Dennis Publishing UK

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The Big IssueThe Big Issue

The Big Issue 03-06-19

The Big Issue is a UK-based street paper that supports the homeless, the vulnerably housed and those seeking to escape poverty. Vendors normally buy the magazine for £1.25 and sell to the public for £2.50. We are using Zinio digital editions to create additonal revenue opportunities to fund our street-based and pastoral care services for our vendors. We are a social enterprise company and all revenues go to support the vulnerable communities we serve. Our goal is to move our vendors away from dependency and towards full time employment

Country:
United Kingdom
Language:
English
Publisher:
Dennis Publishing UK
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51 Issues

IN THIS ISSUE

access_time4 min.
the big list.

01 Revisit the colourful history of the British seaside Recalling an age when it just wasn’t right to have a cup of tea without using proper crockery, even when at the beach, the Seaside: Photographed exhibition in Margate examines the relationship between photographers, photography and the British seaside from the 1850s onwards, through works by Jane Bown, Henri Cartier Bresson, Vanley Burke and Ingrid Pollard. Turner Contemporary, Margate, until September 8; turnercontemporary.org/ exhibitions/seaside-photographed 2 Catch Slowthai for a fiver In a clever bit of promotion for his debut album Nothing Great About Britain Northampton grime-punk rapper Slowthai has announced a tour, tickets for which cost a fiver, chiming with his persona as a champion of the poor. He previously did one for 99p, but overheads have gone up since becoming the new voice of…

access_time1 min.
this week we asked you...

The two I would put forward would be social care and education. I did have a personal budget until around two years ago. It has been a struggle to maintain a decent life without it. The education point is simple, people with good levels of education find employment easier than those who don’t. Council tax is unsustainable as things stand now. Christopher, via email @AlisonRunham When things are this dire, we need to go back to Maslow’s hierarchy of needs. Food, water, shelter, clothing (and all these, plus healthcare, via social care if needed). Once that’s sorted, do we follow Maslow (safety & security) or let it fight it out with education? @neilsalmon2 Poverty, homelessness, education, the NHS, social care etc. is not a funding issue it is a lack of political will. Funding can always…

access_time4 min.
platform.

Socially aware If the government didn’t fear the power behind social media I doubt they’d be trying so hard to curtail it with their digital media plans [The new age of protest, May 20-26]. There’s been no steps to deal with mainstream media and the BBC, who both support this government. In fact, they have gone out of their way to protect them by cancelling Levison II so no I absolutely do not agree with Mark Millar. Sarah Banks, Facebook A legal matter In reply to C Hopper’s letter [May 13-19], I wish to clarify as an employment law paralegal that employees do not have to be in a job for at least two years continuously to bring a claim for age discrimination or for bullying. The only claim which would require two years’…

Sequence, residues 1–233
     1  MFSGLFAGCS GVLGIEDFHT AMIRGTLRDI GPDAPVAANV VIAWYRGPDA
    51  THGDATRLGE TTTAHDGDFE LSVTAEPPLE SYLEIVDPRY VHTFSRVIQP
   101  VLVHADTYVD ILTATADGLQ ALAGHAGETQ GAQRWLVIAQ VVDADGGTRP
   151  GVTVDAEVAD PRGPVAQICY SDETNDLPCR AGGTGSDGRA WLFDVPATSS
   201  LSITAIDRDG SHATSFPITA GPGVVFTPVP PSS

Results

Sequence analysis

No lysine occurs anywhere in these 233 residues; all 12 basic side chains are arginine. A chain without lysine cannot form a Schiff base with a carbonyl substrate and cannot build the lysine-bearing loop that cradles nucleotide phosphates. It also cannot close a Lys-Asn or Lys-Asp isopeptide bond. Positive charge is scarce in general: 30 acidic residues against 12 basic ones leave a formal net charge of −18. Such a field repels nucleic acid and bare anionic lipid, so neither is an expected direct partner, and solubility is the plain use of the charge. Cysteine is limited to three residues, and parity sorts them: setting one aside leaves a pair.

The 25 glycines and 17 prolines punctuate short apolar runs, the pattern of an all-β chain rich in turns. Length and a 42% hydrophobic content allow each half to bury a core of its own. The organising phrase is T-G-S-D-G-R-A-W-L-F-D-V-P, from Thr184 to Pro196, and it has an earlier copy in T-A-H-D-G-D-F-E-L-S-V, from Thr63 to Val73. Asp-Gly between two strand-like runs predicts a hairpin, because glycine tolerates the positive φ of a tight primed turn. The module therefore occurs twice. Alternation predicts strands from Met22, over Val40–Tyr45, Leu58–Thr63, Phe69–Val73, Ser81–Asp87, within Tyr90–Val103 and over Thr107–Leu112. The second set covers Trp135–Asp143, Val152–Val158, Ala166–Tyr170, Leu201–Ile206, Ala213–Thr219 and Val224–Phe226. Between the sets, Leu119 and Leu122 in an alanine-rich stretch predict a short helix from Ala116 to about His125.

access_time2 min.
we're not going to hell in a hand fart

I like Britain’s Got Talent a great deal. And by the time you read this, a new champion will have been crowned. Sadly, it’s not State of the Fart. In case you, foolishly, missed him, State of the Fart is a man who plays songs making fart noises with his hands. What? More? No! That’s it! How can you possibly want more?! There is an issue with the increasing number of magic acts who require assistance – David, show the audience the card – but that aside there is something reassuring and reaffirming about Britain’s Got Talent. BGT allows such moments of exultation that you’d even take Dominic Raab seriously as a thinker and potential leader You can argue, if you wish, that careful editing and choice of the acts to focus upon…

access_time3 min.
news.

Plain sailing for Big Issue vendor James Our man hits the high seas with Tall Ships Youth Trust Big Issue vendor James Heaton was so quick to find his sea legs on his four-day voyage across the English Channel that he now wants to chart a course to do more. The 43-year-old Bath seller was offered the chance to join Tall Ships Youth Trust (TSYT) in a bid to boost his confidence and teamwork skills, setting sail from Portsmouth harbour on May 18. James joined an adult crew as they travelled to Cherbourg on the French coast before navigating the Channel Islands and stopping off at Alderney to explore. From there, course was set for the Isle of Wight before returning to Portsmouth on May 21. James was tasked, alongside his crewmates, to keep watch…

access_time2 min.
could eating crisps while pregnant harm your baby?

HOW IT WAS TOLD Tabloids warning expectant mothers what to steer clear of is nothing new. In fact, the NHS’s own list of no-no foods is pretty comprehensive, encompassing everything from soft cheeses with white rinds and raw meats down to liquorice and pâté. You won’t find crisps on there though. But you would have found that warning in some of the papers on May 25. Take The Sun’s print warning of “Crisps ‘a baby risk’” that opened with the claim that “eating too many crisps could harm unborn babies”. Or their online version that opted for “CRISP RISK: Pregnant women warned ‘eating too many crisps could affect unborn baby’s growth’”, taking a step back from the claim made in the physical edition. Mirror Online went for “Mums-to-be ‘should avoid eating crisps to protect their unborn…

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